Astronaut explains bird’s eye view effect

Sixty-one years ago, Yuri Gagarin became the first human to travel to space and possibly the first to experience what scientists today call the “big picture effect.” This change happens when people see the world from high up and notice that it is a place where “borders are invisible, where racial, religious and economic conflicts cannot be found”.

The overview effect renders man’s squabbles with each other incredibly petty and presents the planet as it truly is, an interconnected organism.

In a captivating interview with think bigastronaut, author and humanitarian Ron Garan explains how if more of us developed this planetary perspective, we could solve much of the ills of humanity and the planet.

guarantee you have spent 178 days in space and has flown more than 71 million miles in 2,842 orbits. From above, he realized that the planet is much more fragile than he thought.

“When I looked out the window of the International Space Station, I saw paparazzi-like flashes of thunderstorms, I saw curtains of dancing auroras that seemed so close it was as if we could reach out and touch them. And I saw the incredible thinness of our planet’s atmosphere. At that moment, I was struck by the sobering realization that this paper-thin layer keeps all living things on our planet alive,” Garan said in the video.

“I saw an iridescent biosphere teeming with life,” he continues. “I haven’t seen the economy. But since our man-made systems treat everything, including our planet’s life support systems, as the wholly owned subsidiary of the global economy, it’s obvious from the perspective of space that we’re living a lie.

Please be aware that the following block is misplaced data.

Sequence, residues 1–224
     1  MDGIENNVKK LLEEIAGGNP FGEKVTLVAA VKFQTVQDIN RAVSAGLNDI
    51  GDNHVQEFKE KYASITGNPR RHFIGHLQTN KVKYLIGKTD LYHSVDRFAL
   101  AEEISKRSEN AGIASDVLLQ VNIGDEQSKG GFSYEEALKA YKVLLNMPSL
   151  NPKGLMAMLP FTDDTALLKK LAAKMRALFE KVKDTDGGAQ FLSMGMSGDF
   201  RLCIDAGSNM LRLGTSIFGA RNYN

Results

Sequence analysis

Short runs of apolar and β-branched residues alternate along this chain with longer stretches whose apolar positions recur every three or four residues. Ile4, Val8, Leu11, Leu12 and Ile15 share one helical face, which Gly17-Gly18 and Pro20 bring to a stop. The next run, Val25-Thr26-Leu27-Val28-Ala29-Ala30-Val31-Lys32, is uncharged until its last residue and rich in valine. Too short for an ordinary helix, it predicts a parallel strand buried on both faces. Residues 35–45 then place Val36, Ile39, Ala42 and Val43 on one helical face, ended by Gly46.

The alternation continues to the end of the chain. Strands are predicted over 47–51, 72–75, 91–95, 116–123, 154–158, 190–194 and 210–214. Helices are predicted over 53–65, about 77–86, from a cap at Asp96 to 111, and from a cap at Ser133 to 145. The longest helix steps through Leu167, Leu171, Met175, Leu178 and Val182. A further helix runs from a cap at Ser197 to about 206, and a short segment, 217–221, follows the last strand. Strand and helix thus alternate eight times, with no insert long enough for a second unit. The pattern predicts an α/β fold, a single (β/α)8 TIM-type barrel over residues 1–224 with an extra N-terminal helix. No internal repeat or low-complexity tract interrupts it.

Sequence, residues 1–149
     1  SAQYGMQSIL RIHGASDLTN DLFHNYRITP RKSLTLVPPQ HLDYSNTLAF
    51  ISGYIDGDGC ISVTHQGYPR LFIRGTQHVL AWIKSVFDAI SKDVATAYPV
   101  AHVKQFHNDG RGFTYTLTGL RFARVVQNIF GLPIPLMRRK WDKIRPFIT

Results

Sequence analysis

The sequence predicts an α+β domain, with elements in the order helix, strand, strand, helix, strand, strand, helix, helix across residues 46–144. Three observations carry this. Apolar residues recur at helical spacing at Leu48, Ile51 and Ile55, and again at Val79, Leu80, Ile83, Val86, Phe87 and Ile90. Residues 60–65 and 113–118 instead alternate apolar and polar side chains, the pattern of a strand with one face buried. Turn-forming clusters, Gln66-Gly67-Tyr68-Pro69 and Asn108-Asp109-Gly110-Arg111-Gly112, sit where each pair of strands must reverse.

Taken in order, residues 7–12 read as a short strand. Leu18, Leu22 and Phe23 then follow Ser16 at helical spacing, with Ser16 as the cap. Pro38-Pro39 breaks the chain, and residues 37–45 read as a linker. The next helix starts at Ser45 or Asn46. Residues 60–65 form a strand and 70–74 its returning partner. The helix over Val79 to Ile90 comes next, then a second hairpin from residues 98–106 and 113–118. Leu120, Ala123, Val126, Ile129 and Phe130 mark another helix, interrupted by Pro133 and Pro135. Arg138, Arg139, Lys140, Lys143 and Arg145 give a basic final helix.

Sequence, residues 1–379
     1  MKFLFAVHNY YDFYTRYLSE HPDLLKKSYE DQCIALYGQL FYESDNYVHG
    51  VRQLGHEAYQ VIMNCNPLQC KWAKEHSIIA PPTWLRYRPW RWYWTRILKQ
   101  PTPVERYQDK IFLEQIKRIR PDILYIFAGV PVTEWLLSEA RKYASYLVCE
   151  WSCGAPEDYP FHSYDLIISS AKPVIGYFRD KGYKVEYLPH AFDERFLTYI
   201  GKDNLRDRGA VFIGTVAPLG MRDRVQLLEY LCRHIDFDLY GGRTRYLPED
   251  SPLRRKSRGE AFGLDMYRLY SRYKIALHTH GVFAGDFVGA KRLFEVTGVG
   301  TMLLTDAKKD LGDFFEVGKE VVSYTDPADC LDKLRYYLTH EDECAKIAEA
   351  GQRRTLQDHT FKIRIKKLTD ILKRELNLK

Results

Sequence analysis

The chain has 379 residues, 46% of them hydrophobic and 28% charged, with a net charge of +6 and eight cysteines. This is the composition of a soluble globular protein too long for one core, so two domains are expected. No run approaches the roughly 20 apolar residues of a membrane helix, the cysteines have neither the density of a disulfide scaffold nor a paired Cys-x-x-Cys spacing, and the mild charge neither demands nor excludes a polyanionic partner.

It was then that he realized that humanity needed to re-evaluate its priorities.

“We need to move from a thinking economy, a society, a planet to a planet, a society, an economy. This is when we will continue our evolutionary process,” he added.

Garan says we pay a “very high price” as a civilization for our failure to develop a more planetary perspective and that’s a big reason why we fail to solve many of our problems. Even if our economic activity can improve the quality of life on the one hand, it is also disastrous for the planet which sustains our lives.

It’s like cutting off your nose to antagonize your face.

Actor William Shatner had a similar experience to Garan when he traveled to space.

“It was one of the strongest feelings of grief I have ever experienced,” Shatner wrote. “The contrast between the vicious coldness of space and the nurturing warmth of the Earth below filled me with overwhelming sadness. Every day we are faced with the knowledge of further destruction of the Earth at our hands. : the extinction of animal species, flora and fauna. … things that took five billion years to evolve, and suddenly we will never see them again because of the interference of humanity. “

” We will not have peace on earth until we recognize the fundamental fact of the interdependent structure of all reality,” Garan said.

However dire the situation may be from the surface of the Earth, the astronaut has hope that we can collectively evolve in consciousness and wake up and embrace a larger reality. “And when we can evolve beyond a two-dimensional us versus them mindset and embrace the true multidimensional reality of the universe we live in, that is when we will no longer float in darkness… and it’s a future we all want to be part of. It’s our true calling.

This article was originally published on 16.12.22

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